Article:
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December 12, 2019
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Community discusses Watsonville hospital sale

WATSONVILLE — There was no doubt during a community forum Sunday that Watsonville Community Hospital will be sold.

It is still unclear, however, who the buyer will be.

Halsen Healthcare publicly announced its intention to buy the hospital from Tennessee-based Quorum Health Corporation in June, sparking concern it would remain under control of a profit-minded corporate entity. 

Quorum has been looking to sell WCH for “quite some time,” said PVCHT CEO DeAndre James.

Pajaro Valley Community Health Trust (PVCHT) is also making a bid to purchase the hospital and has until July 21 to make an offer. Under its contract with Watsonville Community Hospital, PVCHT has the right of first refusal, giving it a chance to purchase the hospital before other interested parties at the offered price.

The Sunday afternoon forum packed the Watsonville City Council chambers with a standing-room-only crowd of nurses, doctors and community members who came to hear updates on the impending sale and express their opinions.

It was the fear of continued corporate control that sparked the most discussion at the forum.

According to WCH Emergency Room nurse Roseann Farris, owners Community Health Services, and then Quorum Healthcare, was looking to improve profit margins when they slashed services throughout the hospital such as oncology, home healthcare and inpatient medical rehabilitation. They also outsourced the billing and coding department and reduced services in the cardiac catheterization lab.

All of this forces patients to seek services elsewhere, and leads to under-utilization of the hospital and loss of revenue, Farris said.

The hope, Farris said, is to return the hospital to its community roots.

“Is there a lot of work to be done? Absolutely,” she said. “Are there a lot of questions to be worked out? Absolutely. But would it be a benefit to the community? Absolutely.”

WCH nurse Quiché Rubalcava said that Community Health Systems closed 11 hospitals nationwide between 2014-18 in an attempt to maximize its profit margins.

“For-profit hospitals have an abysmal record,” he said.

Halsen CEO Dan Brothman has said the company would serve and be answerable to the community, and would never be a publicly-traded company.

Halsen Healthcare is a one-year-old organization formed to make the purchase. If the purchase goes through, it would be the group’s only hospital. The company said it plans to keep the hospital’s current staffing and salaries.

“Community hospitals are huge assets, and I understand everyone’s anxious,” Brothman said. “We are a California company with lots of experience. We will be answerable to Watsonville, not bosses in other states.”

It’s not clear whether the purchase is financially feasible for PVCHT, which was formed when the hospital was sold in 1998 to Community Health Systems. Quorum, a CHS spinoff, took over in 2016.

Purchasing the hospital would require finding the funds for the sale, in addition to covering all future operational costs. That’s a tall order in an era of rising health care costs and a rapidly changing health insurance industry, particularly in a low-income community with low Medi-Cal reimbursement rates.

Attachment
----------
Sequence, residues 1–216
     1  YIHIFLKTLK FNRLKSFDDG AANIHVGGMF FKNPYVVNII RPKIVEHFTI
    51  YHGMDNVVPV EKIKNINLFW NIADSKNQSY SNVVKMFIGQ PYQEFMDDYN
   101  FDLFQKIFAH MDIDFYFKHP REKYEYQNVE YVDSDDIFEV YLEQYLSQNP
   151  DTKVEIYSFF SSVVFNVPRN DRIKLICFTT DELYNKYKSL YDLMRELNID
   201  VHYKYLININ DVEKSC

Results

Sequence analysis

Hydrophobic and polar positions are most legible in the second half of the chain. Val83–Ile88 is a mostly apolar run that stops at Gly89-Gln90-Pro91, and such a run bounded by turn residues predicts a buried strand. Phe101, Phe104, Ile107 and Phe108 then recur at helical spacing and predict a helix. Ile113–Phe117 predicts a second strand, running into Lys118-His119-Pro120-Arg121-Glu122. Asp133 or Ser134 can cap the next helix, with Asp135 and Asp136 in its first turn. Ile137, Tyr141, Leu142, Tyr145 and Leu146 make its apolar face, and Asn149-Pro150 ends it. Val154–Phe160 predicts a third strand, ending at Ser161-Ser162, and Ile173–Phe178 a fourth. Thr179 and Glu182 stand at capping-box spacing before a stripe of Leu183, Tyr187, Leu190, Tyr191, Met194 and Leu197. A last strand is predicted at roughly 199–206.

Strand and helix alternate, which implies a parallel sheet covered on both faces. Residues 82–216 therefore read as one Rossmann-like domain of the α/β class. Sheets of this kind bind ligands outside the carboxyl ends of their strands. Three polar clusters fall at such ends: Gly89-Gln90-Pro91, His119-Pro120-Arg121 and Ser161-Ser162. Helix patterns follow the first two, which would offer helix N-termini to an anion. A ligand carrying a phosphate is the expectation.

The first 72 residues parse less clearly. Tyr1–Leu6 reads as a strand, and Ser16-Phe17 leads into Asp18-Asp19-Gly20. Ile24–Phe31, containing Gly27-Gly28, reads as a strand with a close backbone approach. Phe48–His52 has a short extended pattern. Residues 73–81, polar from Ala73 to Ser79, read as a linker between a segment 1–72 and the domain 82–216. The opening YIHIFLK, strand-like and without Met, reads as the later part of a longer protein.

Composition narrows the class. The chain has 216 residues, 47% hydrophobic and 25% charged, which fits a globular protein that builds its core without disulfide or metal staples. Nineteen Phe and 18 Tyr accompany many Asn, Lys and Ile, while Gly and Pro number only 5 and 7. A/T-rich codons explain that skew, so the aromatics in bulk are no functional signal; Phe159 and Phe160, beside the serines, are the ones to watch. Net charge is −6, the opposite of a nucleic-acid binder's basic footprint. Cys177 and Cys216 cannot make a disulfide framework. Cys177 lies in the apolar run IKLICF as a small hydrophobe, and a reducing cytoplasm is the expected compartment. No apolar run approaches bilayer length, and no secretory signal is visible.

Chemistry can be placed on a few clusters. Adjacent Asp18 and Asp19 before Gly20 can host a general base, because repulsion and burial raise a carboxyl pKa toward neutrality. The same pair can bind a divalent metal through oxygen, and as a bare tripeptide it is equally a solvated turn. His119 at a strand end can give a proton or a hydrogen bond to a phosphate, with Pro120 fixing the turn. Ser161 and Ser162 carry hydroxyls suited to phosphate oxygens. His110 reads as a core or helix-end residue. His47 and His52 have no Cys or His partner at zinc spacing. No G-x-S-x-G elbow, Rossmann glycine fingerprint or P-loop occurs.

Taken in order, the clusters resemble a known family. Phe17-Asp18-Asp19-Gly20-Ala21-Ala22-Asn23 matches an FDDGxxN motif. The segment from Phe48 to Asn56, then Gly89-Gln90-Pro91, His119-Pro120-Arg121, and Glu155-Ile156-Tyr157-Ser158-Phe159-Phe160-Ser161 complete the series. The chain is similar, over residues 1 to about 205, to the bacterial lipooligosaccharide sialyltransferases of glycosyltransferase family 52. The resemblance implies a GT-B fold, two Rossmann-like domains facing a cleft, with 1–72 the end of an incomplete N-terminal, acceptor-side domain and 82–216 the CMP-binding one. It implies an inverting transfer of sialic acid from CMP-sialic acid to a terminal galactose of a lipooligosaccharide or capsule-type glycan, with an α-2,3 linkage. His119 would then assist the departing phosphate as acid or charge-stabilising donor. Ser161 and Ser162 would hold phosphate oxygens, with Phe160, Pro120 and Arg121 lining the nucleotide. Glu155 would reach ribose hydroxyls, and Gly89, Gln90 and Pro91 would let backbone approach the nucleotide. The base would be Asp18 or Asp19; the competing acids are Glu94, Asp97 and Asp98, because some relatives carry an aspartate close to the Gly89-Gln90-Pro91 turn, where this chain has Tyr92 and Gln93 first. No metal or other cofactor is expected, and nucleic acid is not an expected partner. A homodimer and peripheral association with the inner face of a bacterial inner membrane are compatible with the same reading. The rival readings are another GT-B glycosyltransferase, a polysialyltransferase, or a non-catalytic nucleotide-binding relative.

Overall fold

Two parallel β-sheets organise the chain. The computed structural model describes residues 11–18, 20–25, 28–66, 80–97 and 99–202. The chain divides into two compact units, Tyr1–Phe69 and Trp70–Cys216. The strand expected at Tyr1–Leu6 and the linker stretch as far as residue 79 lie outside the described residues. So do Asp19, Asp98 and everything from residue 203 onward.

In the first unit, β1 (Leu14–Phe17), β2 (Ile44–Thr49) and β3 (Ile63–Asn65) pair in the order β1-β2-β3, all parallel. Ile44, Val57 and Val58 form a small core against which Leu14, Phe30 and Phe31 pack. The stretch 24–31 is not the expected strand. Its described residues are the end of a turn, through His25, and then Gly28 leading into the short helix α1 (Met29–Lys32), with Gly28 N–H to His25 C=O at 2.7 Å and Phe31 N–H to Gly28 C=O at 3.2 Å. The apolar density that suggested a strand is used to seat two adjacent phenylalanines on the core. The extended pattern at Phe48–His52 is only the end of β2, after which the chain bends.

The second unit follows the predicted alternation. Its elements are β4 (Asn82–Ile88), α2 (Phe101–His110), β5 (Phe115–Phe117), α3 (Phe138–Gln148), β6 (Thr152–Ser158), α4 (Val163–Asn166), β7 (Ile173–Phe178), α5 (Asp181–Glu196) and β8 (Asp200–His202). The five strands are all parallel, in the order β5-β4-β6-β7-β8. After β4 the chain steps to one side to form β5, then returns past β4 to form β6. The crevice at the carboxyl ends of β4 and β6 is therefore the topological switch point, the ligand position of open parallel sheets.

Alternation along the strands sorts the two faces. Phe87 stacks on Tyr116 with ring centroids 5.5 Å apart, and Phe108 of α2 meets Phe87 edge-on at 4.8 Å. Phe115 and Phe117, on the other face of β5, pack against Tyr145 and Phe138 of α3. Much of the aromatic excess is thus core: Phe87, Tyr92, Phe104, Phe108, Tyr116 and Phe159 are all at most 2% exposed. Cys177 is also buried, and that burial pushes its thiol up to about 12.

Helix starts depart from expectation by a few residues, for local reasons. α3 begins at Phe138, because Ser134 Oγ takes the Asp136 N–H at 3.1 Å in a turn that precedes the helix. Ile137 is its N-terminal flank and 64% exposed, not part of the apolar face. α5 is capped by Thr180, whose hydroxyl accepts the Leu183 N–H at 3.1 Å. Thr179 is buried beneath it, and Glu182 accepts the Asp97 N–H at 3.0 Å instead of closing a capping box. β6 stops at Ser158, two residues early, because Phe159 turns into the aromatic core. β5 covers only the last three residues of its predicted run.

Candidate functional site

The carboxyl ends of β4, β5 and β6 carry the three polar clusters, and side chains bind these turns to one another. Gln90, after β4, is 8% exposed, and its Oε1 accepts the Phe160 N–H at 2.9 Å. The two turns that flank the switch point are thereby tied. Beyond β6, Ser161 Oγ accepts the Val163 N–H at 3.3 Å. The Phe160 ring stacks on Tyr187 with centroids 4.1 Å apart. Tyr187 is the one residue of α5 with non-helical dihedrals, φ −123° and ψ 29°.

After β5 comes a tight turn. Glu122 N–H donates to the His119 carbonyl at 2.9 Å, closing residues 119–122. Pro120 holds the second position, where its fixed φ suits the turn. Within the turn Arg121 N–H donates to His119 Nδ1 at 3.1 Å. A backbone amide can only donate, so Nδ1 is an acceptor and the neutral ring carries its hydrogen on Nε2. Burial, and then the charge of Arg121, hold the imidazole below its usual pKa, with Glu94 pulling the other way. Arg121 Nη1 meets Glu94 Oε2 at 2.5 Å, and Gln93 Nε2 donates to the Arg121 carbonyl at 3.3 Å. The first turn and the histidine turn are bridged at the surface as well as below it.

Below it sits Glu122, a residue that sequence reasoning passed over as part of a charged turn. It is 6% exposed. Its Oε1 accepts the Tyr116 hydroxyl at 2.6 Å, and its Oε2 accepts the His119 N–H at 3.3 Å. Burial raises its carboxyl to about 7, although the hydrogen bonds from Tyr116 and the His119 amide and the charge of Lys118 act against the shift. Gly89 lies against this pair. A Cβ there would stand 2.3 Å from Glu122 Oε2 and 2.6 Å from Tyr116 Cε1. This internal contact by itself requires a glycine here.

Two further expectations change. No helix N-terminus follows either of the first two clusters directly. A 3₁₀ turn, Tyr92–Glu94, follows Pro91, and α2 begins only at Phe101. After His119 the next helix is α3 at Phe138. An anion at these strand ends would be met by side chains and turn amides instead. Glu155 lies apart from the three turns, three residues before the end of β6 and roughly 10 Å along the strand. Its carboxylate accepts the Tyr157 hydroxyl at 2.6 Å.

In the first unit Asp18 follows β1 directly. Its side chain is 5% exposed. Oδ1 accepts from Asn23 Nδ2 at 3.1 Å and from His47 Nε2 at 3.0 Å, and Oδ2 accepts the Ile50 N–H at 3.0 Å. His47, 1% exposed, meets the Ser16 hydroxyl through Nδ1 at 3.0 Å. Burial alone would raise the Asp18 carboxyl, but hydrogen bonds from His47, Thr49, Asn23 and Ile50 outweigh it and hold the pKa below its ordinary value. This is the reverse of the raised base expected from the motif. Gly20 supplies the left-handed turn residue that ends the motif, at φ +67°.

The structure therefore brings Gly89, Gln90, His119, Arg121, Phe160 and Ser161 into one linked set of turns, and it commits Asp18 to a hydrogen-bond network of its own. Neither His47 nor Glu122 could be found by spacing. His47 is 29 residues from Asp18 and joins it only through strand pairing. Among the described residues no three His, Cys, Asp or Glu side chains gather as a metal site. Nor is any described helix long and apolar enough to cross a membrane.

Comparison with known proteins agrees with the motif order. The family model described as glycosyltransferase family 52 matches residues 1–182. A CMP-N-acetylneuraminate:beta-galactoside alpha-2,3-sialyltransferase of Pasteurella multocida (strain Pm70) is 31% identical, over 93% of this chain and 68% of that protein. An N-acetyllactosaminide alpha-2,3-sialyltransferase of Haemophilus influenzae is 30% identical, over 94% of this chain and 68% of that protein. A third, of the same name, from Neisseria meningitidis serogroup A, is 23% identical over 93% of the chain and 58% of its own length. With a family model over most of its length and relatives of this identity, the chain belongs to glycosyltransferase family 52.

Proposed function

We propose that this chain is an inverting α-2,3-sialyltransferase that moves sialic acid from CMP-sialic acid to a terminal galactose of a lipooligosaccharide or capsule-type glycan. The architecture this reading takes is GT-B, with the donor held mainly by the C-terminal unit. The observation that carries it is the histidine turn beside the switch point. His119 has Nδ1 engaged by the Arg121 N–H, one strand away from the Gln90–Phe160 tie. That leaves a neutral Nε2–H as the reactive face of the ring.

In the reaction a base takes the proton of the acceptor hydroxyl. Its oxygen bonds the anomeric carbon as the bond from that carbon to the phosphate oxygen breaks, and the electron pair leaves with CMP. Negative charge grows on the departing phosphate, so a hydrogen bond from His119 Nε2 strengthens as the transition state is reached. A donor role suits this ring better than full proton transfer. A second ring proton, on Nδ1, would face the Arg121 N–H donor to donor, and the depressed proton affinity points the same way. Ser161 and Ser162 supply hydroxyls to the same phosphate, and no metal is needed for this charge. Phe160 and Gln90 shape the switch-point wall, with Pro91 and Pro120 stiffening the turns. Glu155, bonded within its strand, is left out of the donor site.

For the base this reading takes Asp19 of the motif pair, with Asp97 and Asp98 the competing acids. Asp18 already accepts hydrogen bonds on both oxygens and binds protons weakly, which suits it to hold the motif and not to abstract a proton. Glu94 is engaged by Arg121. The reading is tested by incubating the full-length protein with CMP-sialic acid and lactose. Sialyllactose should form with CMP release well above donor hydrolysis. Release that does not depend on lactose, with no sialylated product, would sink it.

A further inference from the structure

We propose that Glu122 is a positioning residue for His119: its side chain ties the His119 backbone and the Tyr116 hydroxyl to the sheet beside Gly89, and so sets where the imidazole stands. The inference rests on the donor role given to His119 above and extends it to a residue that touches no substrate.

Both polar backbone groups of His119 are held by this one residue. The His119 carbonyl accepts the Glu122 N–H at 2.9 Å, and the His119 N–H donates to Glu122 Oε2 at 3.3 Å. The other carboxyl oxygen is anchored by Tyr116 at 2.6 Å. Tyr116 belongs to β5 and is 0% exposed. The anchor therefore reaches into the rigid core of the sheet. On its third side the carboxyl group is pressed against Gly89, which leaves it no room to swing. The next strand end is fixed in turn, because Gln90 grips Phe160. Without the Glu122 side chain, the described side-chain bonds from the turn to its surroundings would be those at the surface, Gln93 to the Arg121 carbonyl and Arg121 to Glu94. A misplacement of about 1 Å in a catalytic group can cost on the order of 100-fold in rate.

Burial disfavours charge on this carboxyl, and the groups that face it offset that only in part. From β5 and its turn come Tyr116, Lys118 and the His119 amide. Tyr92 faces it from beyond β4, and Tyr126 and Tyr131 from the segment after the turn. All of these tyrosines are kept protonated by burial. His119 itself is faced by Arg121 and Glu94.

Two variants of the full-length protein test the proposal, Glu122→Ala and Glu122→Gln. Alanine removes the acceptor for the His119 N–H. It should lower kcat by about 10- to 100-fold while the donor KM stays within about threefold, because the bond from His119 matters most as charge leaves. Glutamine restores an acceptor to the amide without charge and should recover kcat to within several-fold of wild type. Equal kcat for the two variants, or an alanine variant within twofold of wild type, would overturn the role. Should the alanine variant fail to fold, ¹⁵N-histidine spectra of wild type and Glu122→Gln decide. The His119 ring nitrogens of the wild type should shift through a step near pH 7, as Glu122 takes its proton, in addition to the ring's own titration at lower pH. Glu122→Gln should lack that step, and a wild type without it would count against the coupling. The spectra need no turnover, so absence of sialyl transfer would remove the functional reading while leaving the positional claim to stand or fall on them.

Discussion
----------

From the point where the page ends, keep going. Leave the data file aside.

“The health trust is a $17 million asset organization, and the sale is $45 million,” James said.

James said that he was restricted in what he could say about the impending sale by contractual confidentiality clauses. But he said it was not out of the question.

“It is very hard to do, but it is not impossible,” he said.

“It would take a lot of different things to happen in the community,” he said. “In a quick time frame everybody would have to roll up their sleeves and those individuals would have to come prepared to do a lot.”

Salud Para La Gente CEO Dori Rose Inda added that such a move would require a “significant commitment” from local healthcare partners.

“In my opinion, it does promise the ability to make sure community interests are always at the heart of the direction of the hospital,” she said.

Former PVCHT CEO Kathleen King said the community faces losing its hospital if the organization makes the purchase but is unable to meet expenses.

“We need to decide what is in the best interest of the community,” she said.

Quorum Health Corporation said that divesting the 106-bed hospital will net the corporation approximately $35 to $40 million, which will be used to repay outstanding principal on the loan it used to purchase Watsonville Hospital.

Watsonville City Councilwoman Rebecca Garcia said that she appreciates Halsen’s plan to create a local board consisting of doctors and nurses to help run the hospital.

“I hope that part of the plan comes to be,” she said. “In the end, it’s a business, and it will be run like a business.”

Watsonville Mayor Francisco Estrada told the crowd that Halsen officials have said they “would do their best not to make any cuts.”

“At the end of the day this is a private transaction, and the best we can do is continue to advocate for our hospital,” Estrada said.

WCH nurse Cassie McGinty said she was inspired by the number of people who attended the meeting, and said that whoever owns the hospital is not the most important question.

“I hope that the owner does right by the community,” she said. “All we can do is advocate and hope for the best.”


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